The dollar eased from 14-year highs on Wednesday, giving back some of the gains chalked up since Donald Trump's U.S. election victory, while concerns over banks pulled European shares lower. The markets also looked set to open lower, according to index futures, after the Dow Jones industrial average climbed to within 25 points of the 20,000 mark on Tuesday.
The New Zealand dollar has so far been able to hold its own relatively well against the dollar despite the latter breaking to new multi-year highs against the likes of the euro and Swiss franc, and multi-month highs versus the yen. But the bullish days for the NZD/USD currency pair could be numbered.
Yesterday, we thought about a potential reversal down from the 1.2730/1.2750 on cable because of five waves up; Slow and sideways price action ahead of the FED is looking like a correction in the middle of a three wave rise in the EUR/USD.
The market is demanding a rate rise and the Fed better deliver it today, for if it doesn’t the bank’s credibly will be severely damaged. There is really no excuse not to do so. For the euro/U.S. dollar (EUR/USD) currency pair, a hawkish Fed hike could mean the breakdown of the 1.05 handle at the umpteenth time of asking.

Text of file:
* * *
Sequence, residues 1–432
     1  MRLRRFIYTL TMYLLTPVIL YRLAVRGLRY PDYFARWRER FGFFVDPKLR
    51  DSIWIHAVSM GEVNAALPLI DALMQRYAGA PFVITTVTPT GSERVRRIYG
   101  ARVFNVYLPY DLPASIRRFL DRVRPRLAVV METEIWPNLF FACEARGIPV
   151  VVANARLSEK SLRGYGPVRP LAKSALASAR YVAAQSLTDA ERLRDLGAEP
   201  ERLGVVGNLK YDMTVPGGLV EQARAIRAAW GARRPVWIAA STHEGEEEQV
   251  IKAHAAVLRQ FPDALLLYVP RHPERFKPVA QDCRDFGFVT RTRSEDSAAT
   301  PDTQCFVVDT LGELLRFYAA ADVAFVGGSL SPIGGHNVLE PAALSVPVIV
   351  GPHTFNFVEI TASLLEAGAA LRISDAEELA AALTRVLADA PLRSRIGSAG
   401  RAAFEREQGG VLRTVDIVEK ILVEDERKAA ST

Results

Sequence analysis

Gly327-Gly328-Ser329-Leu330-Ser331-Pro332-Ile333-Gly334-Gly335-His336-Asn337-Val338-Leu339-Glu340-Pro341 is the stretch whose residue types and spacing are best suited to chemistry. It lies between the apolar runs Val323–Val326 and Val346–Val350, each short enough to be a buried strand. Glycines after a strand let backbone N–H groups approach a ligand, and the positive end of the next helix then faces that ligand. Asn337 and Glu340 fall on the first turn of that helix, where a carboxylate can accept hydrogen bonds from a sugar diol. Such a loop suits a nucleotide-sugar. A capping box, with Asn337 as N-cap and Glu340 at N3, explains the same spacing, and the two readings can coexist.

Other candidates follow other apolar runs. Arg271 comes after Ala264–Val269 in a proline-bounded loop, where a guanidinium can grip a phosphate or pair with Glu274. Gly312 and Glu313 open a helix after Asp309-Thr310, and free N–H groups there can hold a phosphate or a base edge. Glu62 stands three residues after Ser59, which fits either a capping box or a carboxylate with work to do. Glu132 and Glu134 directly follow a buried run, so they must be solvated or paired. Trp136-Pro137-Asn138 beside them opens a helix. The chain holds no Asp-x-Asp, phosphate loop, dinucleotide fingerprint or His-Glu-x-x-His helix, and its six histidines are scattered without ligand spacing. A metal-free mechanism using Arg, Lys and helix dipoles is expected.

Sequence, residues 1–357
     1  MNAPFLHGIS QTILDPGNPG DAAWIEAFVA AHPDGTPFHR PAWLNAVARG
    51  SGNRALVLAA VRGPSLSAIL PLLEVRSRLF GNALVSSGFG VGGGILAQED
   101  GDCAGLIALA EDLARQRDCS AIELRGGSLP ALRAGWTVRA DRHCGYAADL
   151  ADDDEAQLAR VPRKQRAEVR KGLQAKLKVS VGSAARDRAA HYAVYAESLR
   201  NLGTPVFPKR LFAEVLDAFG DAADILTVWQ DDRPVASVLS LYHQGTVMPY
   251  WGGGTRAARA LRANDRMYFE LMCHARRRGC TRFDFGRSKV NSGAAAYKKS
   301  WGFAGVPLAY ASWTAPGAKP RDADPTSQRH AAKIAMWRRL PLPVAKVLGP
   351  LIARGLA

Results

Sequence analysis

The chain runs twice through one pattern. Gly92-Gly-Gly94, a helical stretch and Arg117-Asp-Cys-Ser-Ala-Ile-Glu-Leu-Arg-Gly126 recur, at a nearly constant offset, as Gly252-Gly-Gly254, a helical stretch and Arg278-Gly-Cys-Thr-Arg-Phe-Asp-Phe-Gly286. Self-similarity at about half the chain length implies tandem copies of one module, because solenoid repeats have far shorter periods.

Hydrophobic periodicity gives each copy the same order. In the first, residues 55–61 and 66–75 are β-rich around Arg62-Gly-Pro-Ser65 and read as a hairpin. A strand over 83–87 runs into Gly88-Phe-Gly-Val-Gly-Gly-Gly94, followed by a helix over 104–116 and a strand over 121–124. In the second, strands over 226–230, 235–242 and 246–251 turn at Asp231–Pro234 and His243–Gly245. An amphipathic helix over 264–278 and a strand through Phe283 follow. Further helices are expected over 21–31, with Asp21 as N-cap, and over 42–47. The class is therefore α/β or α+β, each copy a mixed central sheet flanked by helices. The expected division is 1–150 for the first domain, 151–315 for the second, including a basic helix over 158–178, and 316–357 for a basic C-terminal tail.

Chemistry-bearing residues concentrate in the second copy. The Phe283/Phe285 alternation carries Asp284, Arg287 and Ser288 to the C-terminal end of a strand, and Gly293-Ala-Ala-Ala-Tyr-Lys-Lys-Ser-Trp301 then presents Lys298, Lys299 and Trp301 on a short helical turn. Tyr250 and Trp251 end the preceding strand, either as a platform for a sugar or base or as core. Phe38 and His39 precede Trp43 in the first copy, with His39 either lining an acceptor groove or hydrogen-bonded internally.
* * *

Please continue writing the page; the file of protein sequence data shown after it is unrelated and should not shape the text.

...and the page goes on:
Trump’s Great America Experiment, which combines protectionist policies toward domestic U.S. companies with reduced red tape and lower taxes, is already impacting the USD and emerging market currencies. With expectations that his policies will be positive for the US economy and encourage stronger economic growth, the market has been buying the U.S. dollar and this has pressured global currencies.
Markets have a bit of an awkward "eye of the storm" feeling to them today as traders continue to digest yesterday's ECB meeting. More to the point, ECB President Mario Draghi emphasized in his press conference that the purchases could be extended further if needed, making this a far more dovish decision than traders had expected.
The euro was back under pressure on Friday after an extension of the European Central Bank's program of money-printing drove its biggest daily loss against the dollar since Britain's vote to leave the European Union in June.
The AUD/NZD currency pair could be about to turn decisively higher. Last night’s Reserve Bank of Australia (RBA) policy statement was as neutral as it could get. More to the point, there were no hints of further interest rate cuts. In contrast, the RBNZ suggested at its last policy statement that more rate cuts could be on the way. This alone makes me think that the AUD/NZD may have bottomed out.